She writes, she promotes, she fails

This week I was reading an article on the Washington Post website about how authors can market themselves using cheap (or free!) online tools.

It had a link to a new social networking site called She Writes. I had a gander at it and got really excited. It seemed like it might be just the place for me to connect with other writers and, possibly, find someone who understands romance and can be a good critique buddy for me.

I signed up. And the site nearly stopped working.

I don’t know what the problem is, but I’ve tried it in three different browsers. Maybe my computer needs something or I should download something?

I’ve signed up to be part of several groups on the site and have just started connecting with others. But I have to refresh the site about a dozen times (and that isn’t an exaggeration) to see a page properly, and it hasn’t allowed me to submit any comments for the past day.

Has anyone else had this problem?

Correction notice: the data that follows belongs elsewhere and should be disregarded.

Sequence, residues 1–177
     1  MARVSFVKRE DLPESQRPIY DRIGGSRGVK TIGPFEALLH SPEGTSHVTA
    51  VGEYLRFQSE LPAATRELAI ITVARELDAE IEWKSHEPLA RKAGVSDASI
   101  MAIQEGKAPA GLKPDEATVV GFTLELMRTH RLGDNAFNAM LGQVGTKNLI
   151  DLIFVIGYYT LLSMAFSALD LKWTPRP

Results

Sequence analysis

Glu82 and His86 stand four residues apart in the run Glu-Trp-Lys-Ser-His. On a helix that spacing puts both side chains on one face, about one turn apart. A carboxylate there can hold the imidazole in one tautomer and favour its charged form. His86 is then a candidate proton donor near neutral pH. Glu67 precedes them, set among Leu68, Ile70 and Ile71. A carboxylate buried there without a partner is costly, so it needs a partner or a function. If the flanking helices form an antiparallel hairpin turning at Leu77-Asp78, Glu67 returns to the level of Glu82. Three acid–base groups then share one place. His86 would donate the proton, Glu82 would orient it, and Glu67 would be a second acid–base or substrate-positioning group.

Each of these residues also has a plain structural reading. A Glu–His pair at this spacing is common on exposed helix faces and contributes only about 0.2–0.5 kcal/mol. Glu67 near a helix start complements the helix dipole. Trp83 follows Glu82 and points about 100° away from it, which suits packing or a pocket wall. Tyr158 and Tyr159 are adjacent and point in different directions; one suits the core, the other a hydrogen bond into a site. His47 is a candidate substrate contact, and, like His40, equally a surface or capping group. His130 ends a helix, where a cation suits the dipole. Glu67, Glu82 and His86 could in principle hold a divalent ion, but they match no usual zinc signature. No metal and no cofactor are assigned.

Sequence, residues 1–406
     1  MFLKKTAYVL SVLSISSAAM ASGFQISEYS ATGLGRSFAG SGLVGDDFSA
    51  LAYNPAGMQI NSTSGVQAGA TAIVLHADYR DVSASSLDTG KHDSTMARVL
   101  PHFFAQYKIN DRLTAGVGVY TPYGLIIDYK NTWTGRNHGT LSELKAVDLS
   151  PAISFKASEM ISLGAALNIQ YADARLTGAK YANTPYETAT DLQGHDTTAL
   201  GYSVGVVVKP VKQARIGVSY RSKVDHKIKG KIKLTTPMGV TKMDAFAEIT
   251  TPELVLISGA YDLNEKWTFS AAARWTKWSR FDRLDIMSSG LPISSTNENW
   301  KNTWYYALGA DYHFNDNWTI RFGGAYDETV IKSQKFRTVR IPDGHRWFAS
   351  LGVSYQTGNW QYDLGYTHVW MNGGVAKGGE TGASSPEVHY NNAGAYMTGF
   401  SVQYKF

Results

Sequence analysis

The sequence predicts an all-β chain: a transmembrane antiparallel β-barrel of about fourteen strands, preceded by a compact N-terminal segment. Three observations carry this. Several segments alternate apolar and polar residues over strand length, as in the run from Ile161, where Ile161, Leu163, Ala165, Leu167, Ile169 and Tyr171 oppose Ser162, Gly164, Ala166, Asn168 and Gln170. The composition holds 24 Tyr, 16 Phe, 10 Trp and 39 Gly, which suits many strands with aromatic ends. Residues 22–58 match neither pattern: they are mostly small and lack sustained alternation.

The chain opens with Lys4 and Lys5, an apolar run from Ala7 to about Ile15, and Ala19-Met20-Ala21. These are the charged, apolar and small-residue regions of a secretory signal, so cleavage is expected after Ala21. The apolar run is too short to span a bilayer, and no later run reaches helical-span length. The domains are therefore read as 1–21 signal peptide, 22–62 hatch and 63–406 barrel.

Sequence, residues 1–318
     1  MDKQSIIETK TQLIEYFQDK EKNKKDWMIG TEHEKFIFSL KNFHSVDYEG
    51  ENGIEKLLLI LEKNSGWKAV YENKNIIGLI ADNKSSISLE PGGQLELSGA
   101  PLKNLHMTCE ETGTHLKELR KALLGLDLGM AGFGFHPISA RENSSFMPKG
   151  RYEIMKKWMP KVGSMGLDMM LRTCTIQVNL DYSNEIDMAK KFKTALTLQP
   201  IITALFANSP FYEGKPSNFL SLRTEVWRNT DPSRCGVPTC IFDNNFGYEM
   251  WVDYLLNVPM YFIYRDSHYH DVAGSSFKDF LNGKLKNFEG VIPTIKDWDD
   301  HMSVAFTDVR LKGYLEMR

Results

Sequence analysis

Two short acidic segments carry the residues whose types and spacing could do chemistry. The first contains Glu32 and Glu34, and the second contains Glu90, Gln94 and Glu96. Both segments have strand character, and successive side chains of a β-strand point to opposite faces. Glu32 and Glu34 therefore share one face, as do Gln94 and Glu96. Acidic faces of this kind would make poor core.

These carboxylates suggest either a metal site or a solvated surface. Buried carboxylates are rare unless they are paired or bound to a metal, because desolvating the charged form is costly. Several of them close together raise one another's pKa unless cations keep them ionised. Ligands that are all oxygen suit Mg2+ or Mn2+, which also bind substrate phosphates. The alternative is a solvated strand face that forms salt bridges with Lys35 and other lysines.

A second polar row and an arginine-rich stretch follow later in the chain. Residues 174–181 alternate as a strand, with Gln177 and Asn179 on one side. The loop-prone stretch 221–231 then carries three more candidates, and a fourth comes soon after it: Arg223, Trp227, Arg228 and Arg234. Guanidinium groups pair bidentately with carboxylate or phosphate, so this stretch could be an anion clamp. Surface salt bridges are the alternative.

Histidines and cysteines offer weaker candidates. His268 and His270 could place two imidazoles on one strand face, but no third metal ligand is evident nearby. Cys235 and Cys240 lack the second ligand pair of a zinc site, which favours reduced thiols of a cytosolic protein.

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3 Comments

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3 responses to “She writes, she promotes, she fails

  1. Sorry about not getting to your blogsite earlier. She Writes is a networking tool, with loads of great advice. There is a group on how to market your books. There are groups on how to find markets. Thanks for joining She Writes Romance. It won’t be a place to promote your books, necessarily, but it is a place where you can meet other women who write, promote, edit, and publish. If you jhave questions about some of the perks, just ask.

  2. PS…if you have a firewall installed on your computer, you have to allow permission on every page. I have to do that, too, but it’s worth the safety of the firewall. The entire place is crammed full of javascripts that track and report. A lot of the java is harmless, but there are some wicked spyware things out there, and you certainly don’t want to take it home with you. LOL!

  3. PS to my PS…if you are looking for a critique buddy, there are a lot of writers who would volunteer…but be careful in your friendships. Some authors don’t miss a beat to lift your great ideas and run with them. Unless you know your critique partner pretty well, and trust him or her, you could end up with your “partner” usurping your story and subbing it. It’s not a pleasant thought, but it happens to all of us sooner or later. Take care!

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